Level 4

Alaska Science
Key Element A8b

A student who meets the content standard should understand the scientific principles and models that state whenever energy is reduced in one place, it is increased somewhere else by the same amount (Energy Transformations).


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Performance Standard Level 4, Ages 15–18

Students measure energy transfers that take place around them and use the data to examine The Law of Conservation of Energy.

Sample Assessment Ideas

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Sample Assessment Ideas

  • Students burn a candle or kerosene and measure the energy transferred to a measured amount of water; describe the relationship between energy in water and the fuel burned; identify all energy losses that occur.

  • Students draw a diagram describing how photosynthesis in plants stores energy from the sun in the chemical bonds of sugars; identify energy losses to the environment.

Expanded Sample Assessment Idea

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Expanded Sample Assessment Idea

  • Students trace the flow of energy from a food source to its final form; make calorimetry measurements to support these ideas.


Students will:

  1. Choose 3 foods from their daily diet that they will use in calorimetry experiments (at least one food item should be an oily, fatty food.)

  2. Research the calorie content of the foods.

  3. Perform standard calorimetry experiments burning a measured amount of one food to heat a measured amount of water.

  4. Complete the calculations to determine energy content of food; identify corrections for energy losses.

  5. Create a poster or model that traces energy inputs beginning with solar energy source, and showing all energy conservations.

Reflection and Revision

Create poster or model to display energy information. Include an error analysis—what are the sources of error? How can the experimental design be modified to significantly reduce the energy loss?


Levels of Performance

Stage 4
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Student work is complete, correct, and shows detailed evidence of knowledge related to food energy, energy transfer and the Law of Conservation of Energy. Poster or model includes three foods, their calorie content; data and calculations using appropriate units from calorimetry experiment, and a detailed error analysis that includes modification to experimental design.
Stage 3
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Student work is mostly complete, correct, and shows evidence of knowledge related to food energy and energy transfers, but may contain minor errors or omissions. Poster or model includes three foods, their calorie content; data and calculations from calorimetry experiment that may be represented without appropriate units, and a discussion of experimental error and how to reduce experimental errors.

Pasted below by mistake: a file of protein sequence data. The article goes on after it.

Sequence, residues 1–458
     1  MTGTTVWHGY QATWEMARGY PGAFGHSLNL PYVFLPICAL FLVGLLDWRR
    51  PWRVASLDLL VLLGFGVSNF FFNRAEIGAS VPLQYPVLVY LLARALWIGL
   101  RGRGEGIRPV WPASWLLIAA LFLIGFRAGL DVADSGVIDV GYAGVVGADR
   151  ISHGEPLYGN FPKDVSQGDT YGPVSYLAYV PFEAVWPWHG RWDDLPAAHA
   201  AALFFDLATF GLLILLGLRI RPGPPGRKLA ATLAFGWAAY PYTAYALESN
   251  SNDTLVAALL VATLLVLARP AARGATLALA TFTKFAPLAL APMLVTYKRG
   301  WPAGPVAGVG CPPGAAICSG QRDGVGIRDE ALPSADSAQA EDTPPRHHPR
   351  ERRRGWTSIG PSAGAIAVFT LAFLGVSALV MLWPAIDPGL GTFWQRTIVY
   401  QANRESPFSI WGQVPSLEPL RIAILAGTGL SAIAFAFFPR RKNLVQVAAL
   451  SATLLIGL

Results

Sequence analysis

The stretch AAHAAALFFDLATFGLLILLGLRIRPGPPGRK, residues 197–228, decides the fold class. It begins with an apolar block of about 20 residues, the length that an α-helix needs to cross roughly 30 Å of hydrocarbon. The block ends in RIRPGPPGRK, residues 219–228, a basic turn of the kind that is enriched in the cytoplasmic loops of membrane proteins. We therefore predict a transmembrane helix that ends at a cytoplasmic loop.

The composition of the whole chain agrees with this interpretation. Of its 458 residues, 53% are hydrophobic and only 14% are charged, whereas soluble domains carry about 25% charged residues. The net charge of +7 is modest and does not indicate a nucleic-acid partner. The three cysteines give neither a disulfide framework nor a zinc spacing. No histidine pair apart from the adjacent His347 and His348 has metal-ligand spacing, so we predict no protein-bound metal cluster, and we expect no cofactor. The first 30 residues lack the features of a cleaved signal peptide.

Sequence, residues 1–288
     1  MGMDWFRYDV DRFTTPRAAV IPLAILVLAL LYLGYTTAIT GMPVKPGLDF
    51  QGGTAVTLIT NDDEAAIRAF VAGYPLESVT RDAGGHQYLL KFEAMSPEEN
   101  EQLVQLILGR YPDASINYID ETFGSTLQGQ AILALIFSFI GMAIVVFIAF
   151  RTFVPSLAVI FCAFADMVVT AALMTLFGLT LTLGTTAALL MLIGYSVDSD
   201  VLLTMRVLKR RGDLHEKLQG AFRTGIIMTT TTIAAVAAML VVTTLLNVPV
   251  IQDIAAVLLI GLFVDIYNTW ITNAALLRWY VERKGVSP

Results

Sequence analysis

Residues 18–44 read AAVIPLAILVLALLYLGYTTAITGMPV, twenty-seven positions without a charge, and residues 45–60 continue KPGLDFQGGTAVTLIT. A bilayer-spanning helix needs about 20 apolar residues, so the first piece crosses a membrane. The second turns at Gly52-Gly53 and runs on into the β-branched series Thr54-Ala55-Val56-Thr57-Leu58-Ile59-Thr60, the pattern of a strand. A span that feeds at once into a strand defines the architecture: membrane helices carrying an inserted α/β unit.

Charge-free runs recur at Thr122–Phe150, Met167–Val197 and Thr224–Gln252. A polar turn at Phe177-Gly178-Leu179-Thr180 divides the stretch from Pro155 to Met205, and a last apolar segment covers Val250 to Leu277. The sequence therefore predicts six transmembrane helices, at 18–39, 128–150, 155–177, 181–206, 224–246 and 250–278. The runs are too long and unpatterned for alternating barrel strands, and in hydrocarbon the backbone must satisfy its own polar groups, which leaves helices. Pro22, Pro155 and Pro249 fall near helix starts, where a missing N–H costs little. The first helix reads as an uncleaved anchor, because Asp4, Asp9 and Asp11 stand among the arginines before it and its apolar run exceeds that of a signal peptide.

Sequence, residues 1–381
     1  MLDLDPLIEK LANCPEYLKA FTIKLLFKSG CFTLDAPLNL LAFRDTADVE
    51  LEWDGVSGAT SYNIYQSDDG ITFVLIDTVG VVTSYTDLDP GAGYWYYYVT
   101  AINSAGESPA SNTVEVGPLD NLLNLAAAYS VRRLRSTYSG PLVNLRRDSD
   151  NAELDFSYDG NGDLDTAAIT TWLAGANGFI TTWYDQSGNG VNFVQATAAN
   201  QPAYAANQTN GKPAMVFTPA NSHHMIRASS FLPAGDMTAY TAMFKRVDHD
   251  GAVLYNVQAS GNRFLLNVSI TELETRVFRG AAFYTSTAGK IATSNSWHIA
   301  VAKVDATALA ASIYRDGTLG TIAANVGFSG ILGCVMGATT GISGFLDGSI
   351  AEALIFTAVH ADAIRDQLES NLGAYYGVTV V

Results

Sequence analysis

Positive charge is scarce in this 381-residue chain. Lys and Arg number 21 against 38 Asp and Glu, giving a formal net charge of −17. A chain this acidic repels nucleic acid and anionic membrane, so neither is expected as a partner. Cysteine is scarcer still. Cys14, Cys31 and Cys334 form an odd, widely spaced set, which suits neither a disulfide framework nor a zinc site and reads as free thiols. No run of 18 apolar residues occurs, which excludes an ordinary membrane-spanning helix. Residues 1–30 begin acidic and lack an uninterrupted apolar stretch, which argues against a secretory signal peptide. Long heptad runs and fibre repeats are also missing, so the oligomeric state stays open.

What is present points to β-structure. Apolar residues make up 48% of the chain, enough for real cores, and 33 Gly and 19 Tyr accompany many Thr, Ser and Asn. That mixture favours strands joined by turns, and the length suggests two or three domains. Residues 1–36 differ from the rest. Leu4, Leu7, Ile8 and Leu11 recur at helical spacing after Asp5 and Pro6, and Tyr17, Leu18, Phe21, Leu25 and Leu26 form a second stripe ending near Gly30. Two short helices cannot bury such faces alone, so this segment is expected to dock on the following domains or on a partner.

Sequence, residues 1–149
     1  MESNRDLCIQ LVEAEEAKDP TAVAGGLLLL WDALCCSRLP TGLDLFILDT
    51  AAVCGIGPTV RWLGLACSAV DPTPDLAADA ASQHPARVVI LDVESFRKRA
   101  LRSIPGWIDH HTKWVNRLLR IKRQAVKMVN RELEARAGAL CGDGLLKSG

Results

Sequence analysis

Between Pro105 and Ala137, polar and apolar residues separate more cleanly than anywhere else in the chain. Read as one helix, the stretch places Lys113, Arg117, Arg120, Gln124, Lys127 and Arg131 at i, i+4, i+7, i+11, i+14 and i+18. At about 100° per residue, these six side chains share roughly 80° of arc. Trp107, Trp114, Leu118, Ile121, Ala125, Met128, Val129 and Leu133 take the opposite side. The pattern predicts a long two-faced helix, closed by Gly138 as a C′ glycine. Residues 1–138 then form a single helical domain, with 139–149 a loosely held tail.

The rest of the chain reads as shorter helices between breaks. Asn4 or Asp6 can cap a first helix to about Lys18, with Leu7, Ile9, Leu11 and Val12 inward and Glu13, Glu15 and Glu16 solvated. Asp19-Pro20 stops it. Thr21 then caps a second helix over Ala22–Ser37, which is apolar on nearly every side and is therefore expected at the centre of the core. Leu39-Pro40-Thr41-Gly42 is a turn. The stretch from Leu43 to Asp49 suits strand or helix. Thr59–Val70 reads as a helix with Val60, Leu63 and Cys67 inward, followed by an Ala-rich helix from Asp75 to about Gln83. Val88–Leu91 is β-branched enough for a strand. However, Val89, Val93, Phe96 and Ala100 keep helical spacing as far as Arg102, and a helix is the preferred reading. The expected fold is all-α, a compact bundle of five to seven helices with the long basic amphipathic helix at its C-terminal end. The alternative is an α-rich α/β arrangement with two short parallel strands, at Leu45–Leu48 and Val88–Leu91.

Stage 2
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Student work may be incomplete and show limited evidence of knowledge related to food energy or energy transfers. Poster or model may show evidence of skilled craftsmanship but contain limited information related to food types, calorie content, and the calorimetry experiment.
Stage 1
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Student work is mostly incomplete, incorrect, shows evidence of major misconceptions relating to energy and energy transfers.
Standards Cross-Reference gold rule

Standards Cross-References
( Alaska Department of Education & Early Development Standards

National Science Education Standards

The total energy of the universe is constant. Energy can be transferred by collisions in chemical and nuclear reactions, by light waves and other radiations, and in many other ways. However, it can never be destroyed. As these transfers occur, the matter involved becomes steadily less ordered. (Page 180)

All energy can be considered to be either kinetic energy, which is the energy of motion; potential energy, which depends on relative position; or energy contained by a field, such as electromagnetic waves. (Page 180)

Waves, including sound and seismic waves, waves on water, and light waves, have energy and can transfer energy when they interact with matter. (Page 180)

Each kind of atom or molecule can gain or lose energy only in particular discrete amounts and thus can absorb and emit light only at wavelengths corresponding to these amounts. These wavelengths can be used to identify the substance. (Page 180)



Whenever the amount of energy in one place or form diminishes, the amount in other places or forms increases by the same amount. (Page 86)

Transformations of energy usually produce some energy in the form of heat, which spreads around by radiation or conduction into cooler places. Although just as much total energy remains, its being spread out more evenly means less can be done with it. (Page 86)

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